Although a controversial figure in
his own day, St. Thomas Aquinas (c. 1225-74) forged a unique synthesis of faith
and reason, of ancient philosophy and sacred scripture, which decisively
influenced Dante and the whole subsequent Catholic tradition.
Intensely interested in Aristotle, as well as Plato, Paul and Augustine,
Thomas believed that unaided human thought can take us a long way towards wisdom
and truth, although it must always be supplemented by the central mystery of
revelation. His writings contain many classic statements of doctrine about
angels, the Incarnation, Trinity, sacraments and the soul, and also penetrating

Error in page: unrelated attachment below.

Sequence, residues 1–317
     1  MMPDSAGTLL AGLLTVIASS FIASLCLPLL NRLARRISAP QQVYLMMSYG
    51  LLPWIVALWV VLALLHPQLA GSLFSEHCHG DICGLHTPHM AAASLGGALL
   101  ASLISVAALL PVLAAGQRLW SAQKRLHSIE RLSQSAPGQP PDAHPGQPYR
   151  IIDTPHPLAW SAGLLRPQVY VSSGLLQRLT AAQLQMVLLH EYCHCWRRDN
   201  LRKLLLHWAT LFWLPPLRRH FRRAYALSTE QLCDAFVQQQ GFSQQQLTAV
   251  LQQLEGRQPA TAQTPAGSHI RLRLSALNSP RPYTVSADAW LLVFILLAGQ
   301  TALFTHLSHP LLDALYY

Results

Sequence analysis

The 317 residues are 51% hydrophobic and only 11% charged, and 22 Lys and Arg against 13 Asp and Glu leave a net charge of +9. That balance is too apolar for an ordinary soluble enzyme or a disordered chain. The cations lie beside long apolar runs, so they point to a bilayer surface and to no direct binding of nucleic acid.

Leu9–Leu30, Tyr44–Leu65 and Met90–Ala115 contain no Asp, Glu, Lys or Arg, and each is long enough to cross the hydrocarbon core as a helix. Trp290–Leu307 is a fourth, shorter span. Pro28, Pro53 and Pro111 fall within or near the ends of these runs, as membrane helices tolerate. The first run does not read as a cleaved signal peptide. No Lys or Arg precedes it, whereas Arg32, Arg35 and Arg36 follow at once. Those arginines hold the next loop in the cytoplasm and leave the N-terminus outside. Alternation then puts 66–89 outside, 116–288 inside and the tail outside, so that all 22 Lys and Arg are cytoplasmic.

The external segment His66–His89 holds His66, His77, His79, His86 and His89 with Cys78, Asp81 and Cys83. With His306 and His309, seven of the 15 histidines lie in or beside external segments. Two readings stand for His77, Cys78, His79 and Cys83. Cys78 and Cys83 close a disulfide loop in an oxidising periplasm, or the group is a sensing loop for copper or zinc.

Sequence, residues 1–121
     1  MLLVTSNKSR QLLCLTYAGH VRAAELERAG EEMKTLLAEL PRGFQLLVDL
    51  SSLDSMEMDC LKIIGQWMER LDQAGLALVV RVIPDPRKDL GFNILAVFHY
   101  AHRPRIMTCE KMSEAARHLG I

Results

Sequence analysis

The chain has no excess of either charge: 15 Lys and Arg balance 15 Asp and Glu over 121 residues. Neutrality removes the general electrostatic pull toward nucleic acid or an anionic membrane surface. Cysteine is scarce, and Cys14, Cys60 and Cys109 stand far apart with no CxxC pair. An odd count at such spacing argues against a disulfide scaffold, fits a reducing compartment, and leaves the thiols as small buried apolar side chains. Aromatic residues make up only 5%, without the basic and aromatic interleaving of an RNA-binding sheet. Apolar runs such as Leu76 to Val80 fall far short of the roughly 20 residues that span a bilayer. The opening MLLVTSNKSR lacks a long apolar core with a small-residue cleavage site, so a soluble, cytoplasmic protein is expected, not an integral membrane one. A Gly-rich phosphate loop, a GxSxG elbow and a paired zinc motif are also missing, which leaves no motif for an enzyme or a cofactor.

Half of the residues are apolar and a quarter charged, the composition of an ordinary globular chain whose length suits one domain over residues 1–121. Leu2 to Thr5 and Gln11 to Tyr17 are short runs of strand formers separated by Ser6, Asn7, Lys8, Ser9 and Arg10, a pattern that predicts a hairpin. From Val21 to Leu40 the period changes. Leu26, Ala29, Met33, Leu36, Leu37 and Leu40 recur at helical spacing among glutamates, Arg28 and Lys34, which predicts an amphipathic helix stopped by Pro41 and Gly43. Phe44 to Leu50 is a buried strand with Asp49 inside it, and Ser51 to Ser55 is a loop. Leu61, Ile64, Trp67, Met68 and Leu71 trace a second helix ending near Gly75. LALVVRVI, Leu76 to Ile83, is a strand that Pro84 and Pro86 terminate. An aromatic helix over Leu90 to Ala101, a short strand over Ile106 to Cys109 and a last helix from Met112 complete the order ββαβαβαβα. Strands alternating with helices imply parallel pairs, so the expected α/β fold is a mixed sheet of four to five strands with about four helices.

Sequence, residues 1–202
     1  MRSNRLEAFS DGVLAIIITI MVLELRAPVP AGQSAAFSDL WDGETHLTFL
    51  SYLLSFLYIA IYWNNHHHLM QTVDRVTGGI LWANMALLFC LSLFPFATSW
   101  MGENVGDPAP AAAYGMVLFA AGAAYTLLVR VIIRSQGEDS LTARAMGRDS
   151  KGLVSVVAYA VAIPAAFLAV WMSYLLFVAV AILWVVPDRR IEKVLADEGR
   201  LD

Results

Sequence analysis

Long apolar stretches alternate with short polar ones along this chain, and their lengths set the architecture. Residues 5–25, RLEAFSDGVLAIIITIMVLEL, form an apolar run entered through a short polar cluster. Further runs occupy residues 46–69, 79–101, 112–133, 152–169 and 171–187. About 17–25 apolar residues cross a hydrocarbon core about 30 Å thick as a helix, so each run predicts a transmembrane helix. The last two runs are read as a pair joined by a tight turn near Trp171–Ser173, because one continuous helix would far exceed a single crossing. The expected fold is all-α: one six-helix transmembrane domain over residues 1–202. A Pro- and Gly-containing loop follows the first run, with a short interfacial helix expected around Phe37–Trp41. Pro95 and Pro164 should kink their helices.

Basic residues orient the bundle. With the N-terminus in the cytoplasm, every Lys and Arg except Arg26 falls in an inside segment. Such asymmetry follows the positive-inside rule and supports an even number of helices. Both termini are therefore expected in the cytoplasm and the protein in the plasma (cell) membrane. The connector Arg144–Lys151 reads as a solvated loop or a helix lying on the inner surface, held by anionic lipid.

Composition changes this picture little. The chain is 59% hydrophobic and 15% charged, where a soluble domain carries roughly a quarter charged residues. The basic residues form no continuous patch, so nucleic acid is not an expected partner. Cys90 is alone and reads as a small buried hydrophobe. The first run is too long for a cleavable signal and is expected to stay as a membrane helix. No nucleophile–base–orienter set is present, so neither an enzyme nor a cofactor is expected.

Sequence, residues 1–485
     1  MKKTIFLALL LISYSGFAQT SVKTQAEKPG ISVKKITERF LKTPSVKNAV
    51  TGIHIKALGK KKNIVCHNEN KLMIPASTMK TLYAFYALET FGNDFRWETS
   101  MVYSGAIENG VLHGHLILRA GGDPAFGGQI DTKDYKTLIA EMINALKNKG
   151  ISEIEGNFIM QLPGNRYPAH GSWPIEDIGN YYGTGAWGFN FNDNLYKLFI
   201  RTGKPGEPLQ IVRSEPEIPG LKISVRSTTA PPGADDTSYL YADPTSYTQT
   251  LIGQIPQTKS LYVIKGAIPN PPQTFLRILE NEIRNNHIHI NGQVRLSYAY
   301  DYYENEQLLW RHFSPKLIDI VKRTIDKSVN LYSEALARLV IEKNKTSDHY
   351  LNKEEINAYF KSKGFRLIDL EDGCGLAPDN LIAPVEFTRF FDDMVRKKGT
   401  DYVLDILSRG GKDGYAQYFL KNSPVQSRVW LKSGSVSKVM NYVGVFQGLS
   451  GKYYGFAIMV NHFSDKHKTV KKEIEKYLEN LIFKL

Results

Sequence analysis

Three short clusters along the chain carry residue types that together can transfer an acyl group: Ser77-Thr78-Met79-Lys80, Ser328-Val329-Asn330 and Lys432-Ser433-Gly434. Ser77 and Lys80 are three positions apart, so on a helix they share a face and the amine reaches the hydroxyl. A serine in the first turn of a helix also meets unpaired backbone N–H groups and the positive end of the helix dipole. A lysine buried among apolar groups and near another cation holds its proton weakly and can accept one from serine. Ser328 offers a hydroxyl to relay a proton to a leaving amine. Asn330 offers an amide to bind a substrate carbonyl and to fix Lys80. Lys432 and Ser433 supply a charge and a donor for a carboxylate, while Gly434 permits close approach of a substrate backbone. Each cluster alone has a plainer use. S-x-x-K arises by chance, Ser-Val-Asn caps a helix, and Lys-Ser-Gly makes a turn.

discussions on choice, creation and conscience, law, logic and the purpose of
In this superb selection, arranged chronologically, Ralph McInerny brings
together sermons, commentary responses to criticism and substantial extracts
from one of Christianity's supreme masterpieces, the Summa theologiae.
For anyone concerned to find ways of reconciling science and reason and
religion, Thomas has always been a major source inspiration. This volume reveals
both the development and sheer scope of his work.